2016 Travel Trends Shed Light on Travelers’ Intentions for 2017

Jennifer Andre, Senior Director
January 25, 2017
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With the New Year in full swing, looking back can help us move ahead more effectively as travel marketers. Traveler behaviors and preferences throughout 2016 gives us a hint of what lies ahead, helping to identify opportunities for the coming year.

So, based on the last year, what are travelers’ intentions for 2017?

Digital travel content will keep booming

Travelers today are flooded with information at every turn, making the digital path to purchase a swerving one rather than a straight, direct line. And yet, travelers are seeking out more and more digital travel content — a trend that will continue to surge.

The Traveler’s Path to Purchase study, which we commissioned with comScore, highlights year-over-year growth in digital travel content consumption across the U.K., U.S. and Canada. In the U.S. alone, travelers spend an astounding 8.7 billion minutes per month interacting with digital travel content, a 41% increase year over year. The U.K.’s year-over-year growth was even greater at 44%, indicating that digital travel content is increasingly important to travel consumers.

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Leisure travel will continue to rise

Looking to the months ahead in 2017, we can also expect leisure travel to continue to grow. According to research from MMGY Global, travelers’ intentions to take a leisure trip in the next six months has steadily increased over the past six years. While 53% of travelers planned a leisure trip in 2010, 68% did so in 2016. From 2015 to 2016 alone, travelers’ leisure trip intentions made a 5% jump.

Data on room night stays validates this growth. According to DK Shifflet Performance/Monitor, hotel bookings increased from 3M person-stays in 2010 to nearly 4M in 2016. Based on the continual growth, their 2017 forecast predicts an increase to 4.1M.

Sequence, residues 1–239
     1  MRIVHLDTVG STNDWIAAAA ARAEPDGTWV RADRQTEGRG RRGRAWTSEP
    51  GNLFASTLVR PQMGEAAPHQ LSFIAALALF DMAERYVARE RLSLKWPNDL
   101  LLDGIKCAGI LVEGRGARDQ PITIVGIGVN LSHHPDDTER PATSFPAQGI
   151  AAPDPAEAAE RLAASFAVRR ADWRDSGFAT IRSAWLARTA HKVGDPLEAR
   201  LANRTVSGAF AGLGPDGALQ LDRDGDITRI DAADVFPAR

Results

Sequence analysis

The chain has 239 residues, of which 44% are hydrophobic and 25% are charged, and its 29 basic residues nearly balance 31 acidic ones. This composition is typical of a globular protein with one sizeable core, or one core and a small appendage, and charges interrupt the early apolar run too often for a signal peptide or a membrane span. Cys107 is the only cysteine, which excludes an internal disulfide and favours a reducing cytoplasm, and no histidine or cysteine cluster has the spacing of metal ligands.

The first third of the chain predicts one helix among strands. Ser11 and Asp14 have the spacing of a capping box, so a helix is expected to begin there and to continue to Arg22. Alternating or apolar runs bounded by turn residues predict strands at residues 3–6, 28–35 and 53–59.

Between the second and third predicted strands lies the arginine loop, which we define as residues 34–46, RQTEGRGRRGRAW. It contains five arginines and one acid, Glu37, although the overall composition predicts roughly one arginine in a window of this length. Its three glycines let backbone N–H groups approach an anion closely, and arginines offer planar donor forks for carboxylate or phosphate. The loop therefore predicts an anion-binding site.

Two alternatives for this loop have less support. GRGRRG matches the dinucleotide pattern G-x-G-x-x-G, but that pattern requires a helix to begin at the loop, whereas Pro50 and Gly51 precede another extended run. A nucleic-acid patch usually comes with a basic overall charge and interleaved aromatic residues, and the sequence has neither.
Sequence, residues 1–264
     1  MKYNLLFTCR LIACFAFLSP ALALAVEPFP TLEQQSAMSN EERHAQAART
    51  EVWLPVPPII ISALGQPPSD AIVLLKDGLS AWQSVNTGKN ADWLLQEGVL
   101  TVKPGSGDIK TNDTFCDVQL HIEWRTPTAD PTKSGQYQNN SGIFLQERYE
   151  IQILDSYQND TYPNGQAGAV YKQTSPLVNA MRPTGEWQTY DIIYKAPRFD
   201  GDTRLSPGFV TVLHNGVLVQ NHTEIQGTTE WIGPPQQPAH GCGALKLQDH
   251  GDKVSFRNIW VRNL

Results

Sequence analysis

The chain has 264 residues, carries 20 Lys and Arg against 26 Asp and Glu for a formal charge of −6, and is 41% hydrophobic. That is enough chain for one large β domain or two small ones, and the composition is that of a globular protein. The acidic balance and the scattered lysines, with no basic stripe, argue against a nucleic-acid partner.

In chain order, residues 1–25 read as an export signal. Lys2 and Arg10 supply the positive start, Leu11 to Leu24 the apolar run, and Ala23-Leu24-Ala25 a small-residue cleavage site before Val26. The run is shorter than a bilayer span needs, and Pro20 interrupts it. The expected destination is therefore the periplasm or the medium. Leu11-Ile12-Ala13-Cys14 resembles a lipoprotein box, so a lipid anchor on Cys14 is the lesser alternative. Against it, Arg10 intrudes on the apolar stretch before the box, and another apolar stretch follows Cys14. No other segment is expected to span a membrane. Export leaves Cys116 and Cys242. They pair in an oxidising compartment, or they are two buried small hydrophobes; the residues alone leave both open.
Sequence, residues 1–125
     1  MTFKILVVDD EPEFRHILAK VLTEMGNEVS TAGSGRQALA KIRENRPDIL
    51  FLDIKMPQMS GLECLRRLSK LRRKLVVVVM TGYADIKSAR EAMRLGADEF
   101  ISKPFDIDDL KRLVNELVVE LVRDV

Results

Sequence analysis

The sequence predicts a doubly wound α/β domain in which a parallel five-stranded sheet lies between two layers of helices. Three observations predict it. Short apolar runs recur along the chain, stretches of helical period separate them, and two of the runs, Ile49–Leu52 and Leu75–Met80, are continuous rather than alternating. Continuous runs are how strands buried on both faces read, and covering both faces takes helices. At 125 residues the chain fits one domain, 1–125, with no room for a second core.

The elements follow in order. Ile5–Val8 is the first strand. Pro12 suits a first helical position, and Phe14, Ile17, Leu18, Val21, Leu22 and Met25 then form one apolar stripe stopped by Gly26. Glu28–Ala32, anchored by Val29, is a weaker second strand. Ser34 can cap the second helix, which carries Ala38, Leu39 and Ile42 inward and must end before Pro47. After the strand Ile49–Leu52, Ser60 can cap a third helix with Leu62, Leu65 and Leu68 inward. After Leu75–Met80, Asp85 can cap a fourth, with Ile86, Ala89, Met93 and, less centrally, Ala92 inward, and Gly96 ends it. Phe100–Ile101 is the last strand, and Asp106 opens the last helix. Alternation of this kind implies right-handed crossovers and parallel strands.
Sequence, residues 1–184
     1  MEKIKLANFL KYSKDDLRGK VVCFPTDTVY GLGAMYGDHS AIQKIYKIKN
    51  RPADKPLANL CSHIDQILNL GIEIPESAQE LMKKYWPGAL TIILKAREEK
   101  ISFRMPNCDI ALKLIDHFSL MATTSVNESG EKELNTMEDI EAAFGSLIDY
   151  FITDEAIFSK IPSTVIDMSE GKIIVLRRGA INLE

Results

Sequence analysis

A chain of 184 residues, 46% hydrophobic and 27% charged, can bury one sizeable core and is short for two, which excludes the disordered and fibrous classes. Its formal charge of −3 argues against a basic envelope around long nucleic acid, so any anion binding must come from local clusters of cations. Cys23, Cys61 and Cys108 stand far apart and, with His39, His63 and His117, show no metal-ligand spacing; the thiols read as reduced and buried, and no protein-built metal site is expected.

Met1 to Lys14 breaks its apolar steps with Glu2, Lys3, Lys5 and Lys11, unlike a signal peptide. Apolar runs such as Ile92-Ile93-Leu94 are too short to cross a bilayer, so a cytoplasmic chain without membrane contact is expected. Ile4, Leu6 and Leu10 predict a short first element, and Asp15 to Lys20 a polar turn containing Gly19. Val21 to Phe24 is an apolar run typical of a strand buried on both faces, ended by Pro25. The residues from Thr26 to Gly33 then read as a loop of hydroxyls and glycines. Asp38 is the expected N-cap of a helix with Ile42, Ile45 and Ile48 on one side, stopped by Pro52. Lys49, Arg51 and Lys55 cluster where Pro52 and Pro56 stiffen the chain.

Traveler safety ranks as important, but budget is still paramount

Volatility in various places around the world is reflected in travelers’ concern for safety. MMGY Global’s data from 2016 shows that travelers emphasize a destination’s overall safety as a consideration factor.

But while safety is an area of increasing importance, it is not the main inhibitor when people decide not to go on a vacation. Although worries about air travel safety and security rose from 2015 to 2016, they ranked eighth overall among the reasons for taking fewer vacations. Budget, economic concerns and the cost of travel in general were more prohibitive than safety concerns for travelers when surveyed in 2016. Time off work also played a bigger role in restricting travel.

Looking ahead

Growth was present across the board in 2016 with both increasing digital travel content consumption and leisure travel alike. While safety concerns increased, budget remained paramount and didn’t slow down the leisure travel growth, indicating a continual positive growth projection as we move into 2017.

With this ever growing expansive digital travel marketplace it’s more imperative than ever to create a cohesive integrated travel marketing strategy to impact where and when travelers are jet-setting next.

Learn more insights to help inform your 2017 marketing strategy with a few of our recent studies:

  • The Traveler's Path to Purchase Study
  • Profile of the American Bleisure Traveler Study
  • The American Traveler's Digital Landscape Whitepaper

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Jennifer Andre
Senior Director
Jennifer Andre is a senior director at Expedia Group Media Solutions, where she focuses on the creation and execution of digital media campaigns. Jennifer and her team specialize in developing strategic marketing programs for destinations, air, hotel, attractions and activities partners across the vast network of Expedia, Inc. travel brands and global points of sale. With more than 17 years in the online travel industry, Jennifer previously managed travel marketing partnerships at Orbitz, and prior to that spent 14 years at Travelocity where she held a variety of media and partner marketing roles in San Francisco, New York, London and Paris. Jennifer currently resides in Connecticut with her husband and two children.
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